Bees are an extremely important part of our world, but they are often taken for granted, as one farmer did when asked where the bees came from that pollinate her hay fields, she replied, “I don’t ever think about that aspect of it.” 9 It is not just honey bees that pollinate our plants, it is also bumble bees and additional pollinators, such as butterflies, moths, and other insects. Let’s not let our world become the dystopian, bee-free environment of our nightmares! Instead, let’s protect our bees, our natural pollinators, and our future.
[i] Goulson, Dave. "Decline of Bees Forces China's Apple Farmers to Pollinate by Hand." Decline of Bees Forces China's Apple Farmers to Pollinate by Hand. Chinadialogue.net, 10 Jan. 2012. Web. Jan.-Feb. 2016. <https://www.chinadialogue.net/article/show/single/en/5193-Decline-of-bees-forces-China-s-apple-farmers-to-pollinate-by-hand>.
[ii] Pearson, Gwen. "Will We Still Have Fruit If Bees Die Off?" Wired.com. Conde Nast Digital, 20 May 2014. Web. Jan.-Feb. 2016. <http://www.wired.com/2014/05/will-we-still-have-fruit-if-bees-die-off/>.
[iii] Goulson, Dave, and Natalie Muller. "Pollinating by Hand: Doing Bees' Work | Environment | DW.COM | 31.07.2014." DW.com. DW.com, 31 July 2014. Web. Feb. 2016. <http://www.dw.com/en/pollinating-by-hand-doing-bees-work/a-17822242>.
[iv]Pennsylvania Apiculture Inc. "Beekeeping, National Honey Bee Day What Honey Bees Do." Beekeeping, National Honey Bee Day What Honey Bees Do. Pennsylvania Apiculture Inc., 2010 - 2011. Web. Feb. 2016. <http://www.nationalhoneybeeday.com/whathoneybeesdo.html>.
[v] Holland, Jennifer S. "The Plight of the Honeybee." National Geographic. National Geographic Society, 10 May 2013. Web. Feb. 2016. <http://news.nationalgeographic.com/news/2013/13/130510-honeybee-bee-science-european-union-pesticides-colony-collapse-epa-science/>.
[vii] Vermont Fish and Wildlife. "Nine Species Added to T & E List." Vermont Fish and Wildlife. Vermont Fish and Wildlife Department, 25 June 2015. Web. Jan.-Feb. 2016. <http://www.vtfishandwildlife.com/cms/One.aspx?portalId=73163&pageId=269142>.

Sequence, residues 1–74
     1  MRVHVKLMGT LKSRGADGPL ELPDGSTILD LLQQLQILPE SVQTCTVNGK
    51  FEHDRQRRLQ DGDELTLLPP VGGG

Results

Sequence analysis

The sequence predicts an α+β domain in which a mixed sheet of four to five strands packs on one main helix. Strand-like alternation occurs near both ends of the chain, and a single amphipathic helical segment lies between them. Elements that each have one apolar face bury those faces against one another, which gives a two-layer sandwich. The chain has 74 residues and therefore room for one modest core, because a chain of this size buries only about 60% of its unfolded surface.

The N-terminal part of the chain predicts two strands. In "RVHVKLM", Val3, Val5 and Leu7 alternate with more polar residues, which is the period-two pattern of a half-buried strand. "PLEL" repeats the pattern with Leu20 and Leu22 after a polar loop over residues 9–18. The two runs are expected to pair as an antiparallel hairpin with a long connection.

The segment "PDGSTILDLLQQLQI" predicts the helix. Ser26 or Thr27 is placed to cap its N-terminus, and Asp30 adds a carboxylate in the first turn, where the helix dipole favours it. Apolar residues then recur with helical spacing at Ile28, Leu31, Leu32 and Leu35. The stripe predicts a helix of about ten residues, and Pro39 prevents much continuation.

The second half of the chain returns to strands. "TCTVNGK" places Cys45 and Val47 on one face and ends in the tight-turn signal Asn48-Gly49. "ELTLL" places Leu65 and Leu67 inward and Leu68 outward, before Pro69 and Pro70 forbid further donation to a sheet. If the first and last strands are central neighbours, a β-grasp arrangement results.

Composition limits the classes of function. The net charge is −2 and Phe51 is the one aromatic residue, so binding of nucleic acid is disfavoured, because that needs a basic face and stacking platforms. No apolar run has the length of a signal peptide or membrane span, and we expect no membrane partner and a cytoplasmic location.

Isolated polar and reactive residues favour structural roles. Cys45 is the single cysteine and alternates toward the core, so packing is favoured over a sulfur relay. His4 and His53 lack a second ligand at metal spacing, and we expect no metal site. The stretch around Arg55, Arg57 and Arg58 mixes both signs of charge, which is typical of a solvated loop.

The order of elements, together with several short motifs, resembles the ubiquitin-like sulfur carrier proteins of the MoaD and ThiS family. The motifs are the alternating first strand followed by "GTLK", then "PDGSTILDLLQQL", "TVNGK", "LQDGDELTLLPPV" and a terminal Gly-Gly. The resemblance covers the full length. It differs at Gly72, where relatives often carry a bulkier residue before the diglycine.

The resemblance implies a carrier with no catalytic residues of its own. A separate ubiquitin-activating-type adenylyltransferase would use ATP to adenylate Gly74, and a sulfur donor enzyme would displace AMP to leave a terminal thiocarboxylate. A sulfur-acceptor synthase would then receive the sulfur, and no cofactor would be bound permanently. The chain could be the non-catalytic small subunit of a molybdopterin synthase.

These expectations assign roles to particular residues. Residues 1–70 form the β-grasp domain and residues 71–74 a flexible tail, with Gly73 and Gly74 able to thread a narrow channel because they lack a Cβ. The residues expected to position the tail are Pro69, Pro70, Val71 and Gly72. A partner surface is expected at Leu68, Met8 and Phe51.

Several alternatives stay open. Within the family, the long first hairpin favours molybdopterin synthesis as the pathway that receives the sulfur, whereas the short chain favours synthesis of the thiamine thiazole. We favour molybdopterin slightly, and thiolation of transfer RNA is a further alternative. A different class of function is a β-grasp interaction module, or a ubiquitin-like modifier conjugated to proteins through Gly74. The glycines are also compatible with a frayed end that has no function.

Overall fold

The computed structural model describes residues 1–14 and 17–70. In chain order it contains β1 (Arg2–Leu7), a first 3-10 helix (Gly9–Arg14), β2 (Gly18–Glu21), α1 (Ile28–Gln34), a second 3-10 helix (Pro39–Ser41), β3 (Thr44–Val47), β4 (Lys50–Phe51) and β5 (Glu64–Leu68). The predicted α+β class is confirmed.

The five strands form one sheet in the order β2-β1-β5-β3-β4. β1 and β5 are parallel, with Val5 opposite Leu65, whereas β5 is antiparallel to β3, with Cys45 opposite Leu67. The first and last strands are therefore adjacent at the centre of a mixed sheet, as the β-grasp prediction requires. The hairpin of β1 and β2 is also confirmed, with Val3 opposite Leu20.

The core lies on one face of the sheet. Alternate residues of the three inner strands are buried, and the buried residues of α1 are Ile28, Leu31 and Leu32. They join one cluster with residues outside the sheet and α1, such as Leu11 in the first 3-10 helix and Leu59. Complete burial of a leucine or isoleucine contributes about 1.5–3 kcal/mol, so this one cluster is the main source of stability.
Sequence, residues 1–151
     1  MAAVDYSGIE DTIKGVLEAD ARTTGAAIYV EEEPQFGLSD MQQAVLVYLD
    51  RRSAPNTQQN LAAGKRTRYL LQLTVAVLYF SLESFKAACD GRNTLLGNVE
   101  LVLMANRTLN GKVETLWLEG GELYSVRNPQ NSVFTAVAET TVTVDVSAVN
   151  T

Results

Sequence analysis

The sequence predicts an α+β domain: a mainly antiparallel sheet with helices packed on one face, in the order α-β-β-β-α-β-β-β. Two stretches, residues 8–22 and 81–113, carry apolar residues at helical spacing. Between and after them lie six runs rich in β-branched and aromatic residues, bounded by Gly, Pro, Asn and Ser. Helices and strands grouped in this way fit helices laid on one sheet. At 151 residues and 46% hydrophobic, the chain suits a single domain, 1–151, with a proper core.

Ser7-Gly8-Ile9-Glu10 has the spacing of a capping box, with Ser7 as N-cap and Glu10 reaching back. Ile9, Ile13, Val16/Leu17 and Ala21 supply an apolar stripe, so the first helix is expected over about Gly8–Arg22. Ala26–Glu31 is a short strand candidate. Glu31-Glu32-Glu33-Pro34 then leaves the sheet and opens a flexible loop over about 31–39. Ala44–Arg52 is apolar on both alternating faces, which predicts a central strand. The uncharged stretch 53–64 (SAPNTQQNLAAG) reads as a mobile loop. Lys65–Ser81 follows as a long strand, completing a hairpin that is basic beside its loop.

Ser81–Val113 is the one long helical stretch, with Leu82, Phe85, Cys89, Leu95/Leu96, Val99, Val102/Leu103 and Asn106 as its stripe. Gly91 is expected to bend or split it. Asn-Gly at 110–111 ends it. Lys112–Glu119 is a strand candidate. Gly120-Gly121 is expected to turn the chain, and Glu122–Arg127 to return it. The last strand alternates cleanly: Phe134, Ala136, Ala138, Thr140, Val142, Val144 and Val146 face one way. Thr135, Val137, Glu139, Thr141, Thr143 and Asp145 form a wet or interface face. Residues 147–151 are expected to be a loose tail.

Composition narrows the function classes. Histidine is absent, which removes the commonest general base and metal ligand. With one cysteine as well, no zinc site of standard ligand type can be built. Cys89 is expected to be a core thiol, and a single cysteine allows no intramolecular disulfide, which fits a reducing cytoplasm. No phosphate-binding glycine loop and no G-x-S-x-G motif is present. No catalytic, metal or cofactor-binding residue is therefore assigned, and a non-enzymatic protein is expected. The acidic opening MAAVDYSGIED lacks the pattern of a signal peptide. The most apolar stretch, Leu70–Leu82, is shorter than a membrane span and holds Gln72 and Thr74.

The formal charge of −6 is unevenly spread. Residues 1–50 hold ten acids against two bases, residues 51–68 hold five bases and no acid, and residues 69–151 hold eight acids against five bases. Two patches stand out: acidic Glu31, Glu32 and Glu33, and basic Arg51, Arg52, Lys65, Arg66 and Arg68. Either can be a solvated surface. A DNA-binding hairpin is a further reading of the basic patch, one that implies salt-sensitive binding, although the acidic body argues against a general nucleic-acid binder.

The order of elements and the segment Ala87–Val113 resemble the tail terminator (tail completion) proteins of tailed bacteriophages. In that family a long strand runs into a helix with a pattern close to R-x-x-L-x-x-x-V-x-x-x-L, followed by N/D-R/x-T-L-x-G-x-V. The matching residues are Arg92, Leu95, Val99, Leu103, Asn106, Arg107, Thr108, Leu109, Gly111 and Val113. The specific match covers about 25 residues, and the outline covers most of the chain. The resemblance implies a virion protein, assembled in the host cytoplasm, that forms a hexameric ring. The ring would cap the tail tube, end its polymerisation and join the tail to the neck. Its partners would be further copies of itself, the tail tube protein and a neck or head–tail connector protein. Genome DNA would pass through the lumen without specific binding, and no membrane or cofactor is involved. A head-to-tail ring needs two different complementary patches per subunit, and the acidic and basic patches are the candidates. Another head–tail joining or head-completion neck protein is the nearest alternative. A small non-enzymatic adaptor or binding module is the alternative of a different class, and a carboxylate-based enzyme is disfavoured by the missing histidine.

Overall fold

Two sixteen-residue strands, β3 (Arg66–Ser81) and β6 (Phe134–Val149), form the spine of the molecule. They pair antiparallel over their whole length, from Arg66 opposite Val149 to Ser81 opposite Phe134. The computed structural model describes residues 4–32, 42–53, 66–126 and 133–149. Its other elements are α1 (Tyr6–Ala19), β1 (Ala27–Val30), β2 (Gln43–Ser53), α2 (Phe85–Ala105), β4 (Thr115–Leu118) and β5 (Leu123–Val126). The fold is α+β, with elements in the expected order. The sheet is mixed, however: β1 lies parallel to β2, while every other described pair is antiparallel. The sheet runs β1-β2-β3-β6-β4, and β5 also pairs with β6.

[viii] Agriview. "Vermont's Pollinators." Vol. 76, Number 16 Vermont’s Pollinators: More Than Just Honey Bees (2012): 1, 8, 9+. Tutoringvermont.org. Agriview, 4 Sept. 2012. Web. Jan.-Feb. 2016. <http://tutoringvermont.org/yap/wp-content/uploads/2013/12/9-14-2012Agriview1.pdf>.
[ix] Miles, Lynn, Vermont Beekeepers Association. "Bees and Pollination: How Important Is It?" Personal interview. 26 Jan. 2016.
[x] Angler, Mark and Sherri, and Vermont Beekeeping Supply. "Bees and Pollination: How Important Is It?" Personal interview. 26 Jan. 2016.
[xi] Murakami, Paula. "Bees and Pollination: How Important Is It?" Personal interview. 26 Jan. 2016.
[xii] St. Albans Co-op, Amy. "Bees and Pollination: How Important Is It?" Personal interview. 26 Jan. 2016.
[xiii] Bourque, Christine. "Bees and Pollination: How Important Is It?" Personal interview. 26 Jan. 2016.
[xiv] Wish, Jason. "Bees and Pollination: How Important Is It?" Online interview. 20 Jan. 2016.
Cleary, John. "Bees and Pollination: How Important Is It?" Personal interview. 26 Jan. 2016.
Dan. "Bees and Pollination: How Important Is It?" Personal interview. 26 Jan. 2016.
Delaplane, Keith S. First Lessons in Beekeeping. Hamilton, IL: Dadant & Sons, 2007. Print.
Flottum, Kim. The Backyard Beekeeper: An Absolute Beginner's Guide to Keeping Bees in Your Yard and Garden. Gloucester, MA: Quarry, 2005. Print.
S., Claire. "Bees and Pollination: How Important Is It?" Personal interview. 26 Jan. 2016.
2016 Third-Place Essay Winner
Grand Isle, VT
Madeline Chairvolotti is a homeschooled sophomore from Grand Isle, Vermont. This 15 year old has been in 4H for seven years and loves it. She also really enjoys keeping poultry and competing in poultry contests. She has competed in county, state, and national poultry contests. She also really enjoys computer programming and hopes to go into a computer science or biology career. To complete their backyard farm of chickens, Madeline and her siblings have rabbits, and a dog. She enjoys shooting sports and competes at a state level through 4H every year.